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August 19, 2019

How to Protect Your Loved One From Elder Abuse

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Posted in Wisconsin Workers Compensation Related News

Personal Injury Lawyer

Millions of elderly Americans suffer negligence and abuse at the hands of relatives, friends, caretakers, scam artists, people they trust, and nursing care facilities. However, less than 20% of this conduct is reported to the authorities. When elders and their loved ones have been the victims of intentional or negligent abuse, a nursing home law attorney can represent their best interests in a lawsuit.

What is Elder Abuse?

Elder abuse is an act perpetrated by a caregiver or any other person on a vulnerable aging adult. The abuser acts knowingly, intentionally, or negligently, and may cause harm or a severe risk of harm to the victim. When a family member must place a loved one in an elder care facility, an assisted living facility, a rehabilitation facility, or a nursing home, they rely on the institution for personalized and professional care.

Sadly, neglect and abuse are all too commonplace. When a vulnerable loved one is taken advantage of, it can often go undiscovered. When the negligence or abuse is finally brought to light, it can be an emotionally devastating revelation.

Violating an elder’s fundamental rights can happen on different levels, including these abuses:

  • Physical 
  • Mental
  • Emotional
  • Financial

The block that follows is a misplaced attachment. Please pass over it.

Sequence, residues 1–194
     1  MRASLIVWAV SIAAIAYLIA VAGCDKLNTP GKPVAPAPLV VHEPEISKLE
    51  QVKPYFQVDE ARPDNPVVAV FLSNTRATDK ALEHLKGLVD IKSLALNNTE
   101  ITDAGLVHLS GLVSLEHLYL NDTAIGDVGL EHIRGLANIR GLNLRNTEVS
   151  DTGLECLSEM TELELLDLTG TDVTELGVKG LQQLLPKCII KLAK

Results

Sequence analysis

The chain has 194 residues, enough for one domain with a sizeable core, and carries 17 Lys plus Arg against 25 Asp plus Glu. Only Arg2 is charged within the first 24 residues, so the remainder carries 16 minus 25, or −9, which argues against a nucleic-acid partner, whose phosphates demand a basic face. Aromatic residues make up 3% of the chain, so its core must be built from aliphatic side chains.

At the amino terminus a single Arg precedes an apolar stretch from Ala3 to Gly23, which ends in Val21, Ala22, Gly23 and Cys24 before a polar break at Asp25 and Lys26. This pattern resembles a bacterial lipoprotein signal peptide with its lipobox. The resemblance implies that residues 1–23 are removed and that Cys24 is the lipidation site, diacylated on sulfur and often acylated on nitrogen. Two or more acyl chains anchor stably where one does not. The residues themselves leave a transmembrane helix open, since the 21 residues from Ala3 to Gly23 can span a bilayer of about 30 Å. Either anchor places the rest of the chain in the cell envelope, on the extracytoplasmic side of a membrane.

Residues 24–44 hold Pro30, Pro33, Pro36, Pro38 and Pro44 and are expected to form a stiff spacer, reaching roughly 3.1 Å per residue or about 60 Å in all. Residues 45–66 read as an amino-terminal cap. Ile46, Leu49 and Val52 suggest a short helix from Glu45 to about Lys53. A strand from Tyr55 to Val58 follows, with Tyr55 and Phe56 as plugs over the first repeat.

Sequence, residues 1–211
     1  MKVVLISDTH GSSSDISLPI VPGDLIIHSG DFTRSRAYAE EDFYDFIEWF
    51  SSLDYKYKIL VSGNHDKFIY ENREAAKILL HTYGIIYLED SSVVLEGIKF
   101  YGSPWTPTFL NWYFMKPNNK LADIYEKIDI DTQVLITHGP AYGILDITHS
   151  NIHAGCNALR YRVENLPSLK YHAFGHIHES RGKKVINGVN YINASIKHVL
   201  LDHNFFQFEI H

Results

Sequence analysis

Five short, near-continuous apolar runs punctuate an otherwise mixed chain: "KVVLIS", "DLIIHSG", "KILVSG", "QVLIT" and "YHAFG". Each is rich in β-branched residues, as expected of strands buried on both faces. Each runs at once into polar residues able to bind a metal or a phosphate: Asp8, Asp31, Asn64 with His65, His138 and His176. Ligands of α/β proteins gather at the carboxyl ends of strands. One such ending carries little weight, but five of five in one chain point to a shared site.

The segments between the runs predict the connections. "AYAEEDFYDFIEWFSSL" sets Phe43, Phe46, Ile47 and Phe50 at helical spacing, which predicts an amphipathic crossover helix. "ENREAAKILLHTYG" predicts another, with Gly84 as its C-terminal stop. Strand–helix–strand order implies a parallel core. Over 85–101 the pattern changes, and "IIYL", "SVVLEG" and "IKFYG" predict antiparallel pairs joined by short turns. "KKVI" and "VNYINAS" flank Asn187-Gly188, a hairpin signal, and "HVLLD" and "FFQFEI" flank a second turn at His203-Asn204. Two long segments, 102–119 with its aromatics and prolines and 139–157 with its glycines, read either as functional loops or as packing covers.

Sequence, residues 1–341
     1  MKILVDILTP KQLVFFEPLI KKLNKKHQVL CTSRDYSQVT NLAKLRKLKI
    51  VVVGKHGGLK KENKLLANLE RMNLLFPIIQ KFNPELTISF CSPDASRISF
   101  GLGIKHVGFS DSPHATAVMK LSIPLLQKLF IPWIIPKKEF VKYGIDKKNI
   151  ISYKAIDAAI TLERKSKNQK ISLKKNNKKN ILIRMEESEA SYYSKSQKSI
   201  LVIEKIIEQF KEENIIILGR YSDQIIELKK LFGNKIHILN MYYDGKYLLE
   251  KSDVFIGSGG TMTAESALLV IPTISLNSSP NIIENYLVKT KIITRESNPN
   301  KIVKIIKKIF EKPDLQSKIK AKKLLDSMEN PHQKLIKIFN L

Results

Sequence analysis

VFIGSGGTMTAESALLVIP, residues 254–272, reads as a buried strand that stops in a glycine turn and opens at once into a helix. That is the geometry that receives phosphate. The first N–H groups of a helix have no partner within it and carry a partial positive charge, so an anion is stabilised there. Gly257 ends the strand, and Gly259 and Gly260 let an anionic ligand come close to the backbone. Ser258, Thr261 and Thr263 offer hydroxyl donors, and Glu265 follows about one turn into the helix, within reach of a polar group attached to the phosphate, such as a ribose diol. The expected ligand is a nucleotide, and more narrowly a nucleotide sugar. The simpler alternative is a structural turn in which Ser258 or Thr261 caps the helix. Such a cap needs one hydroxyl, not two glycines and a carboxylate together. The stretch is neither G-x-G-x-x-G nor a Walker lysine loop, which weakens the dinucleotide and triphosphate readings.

If you notice any of the following signs, your loved one may be suffering neglect or abuse:

  • Abnormally pale complexion
  • Bruises, cuts, welts, wounds, or scrapes 
  • Fractures, sprains, strains
  • Bedsores, infections, skin rashes, or soiled bandages
  • Dehydration (evidenced by low urinary output, dry and sore mouth, dry and fragile skin, lack of energy, apathy, or mental confusion)
  • Malnutrition (the senior may be confused or disoriented)
  • Absence of needed eyeglasses, dentures, hearing aids, wheelchairs, or walkers
  • Poor personal hygiene 
  • Unattended health problems
  • Fleas, lice, or dirt on the senior adult (or in their room)
  • Animal or insect infestations
  • Abrupt changes in a will or other important financial documents
  • Theft of money or property
  • Unexplained withdrawals in bank accounts
  • Unusual activity in bank accounts
  • Absence of heat or ventilation
  • Emotional distress (crying, despair, or depression)
  • Nightmares or difficulty sleeping
  • Sudden loss of appetite
  • Weight loss (excessive or sudden)
  • Fear of the caregivers or nursing home staff
  • Fecal or urine odors
  • Torn clothing or broken personal items
  • Improper clothing for the weather
  • Overcharging for services or products
  • Signs of medical mismanagement
  • Empty, unmarked, or outdated prescriptions
  • Property or possessions used without permission
  • Caregivers and staff who isolate the senior from friends, relatives, and the outside world, friends or relatives

Bringing a Nursing Home or Elder Abuse Claim

A family member, close loved one, or guardian who believes abuse may be taking place can report it to the proper authorities. After that, the next best step may be to consult an attorney on behalf of the senior adult being abused. Sometimes victims are not able or willing to report the abuse. If that is the case, it can generally only be stopped when the abusers have been brought to justice.

The right nursing home law attorney can work to ensure your case is moved forward to a favorable outcome. For more information or to set up a consultation, contact an elder care abuse lawyer today.

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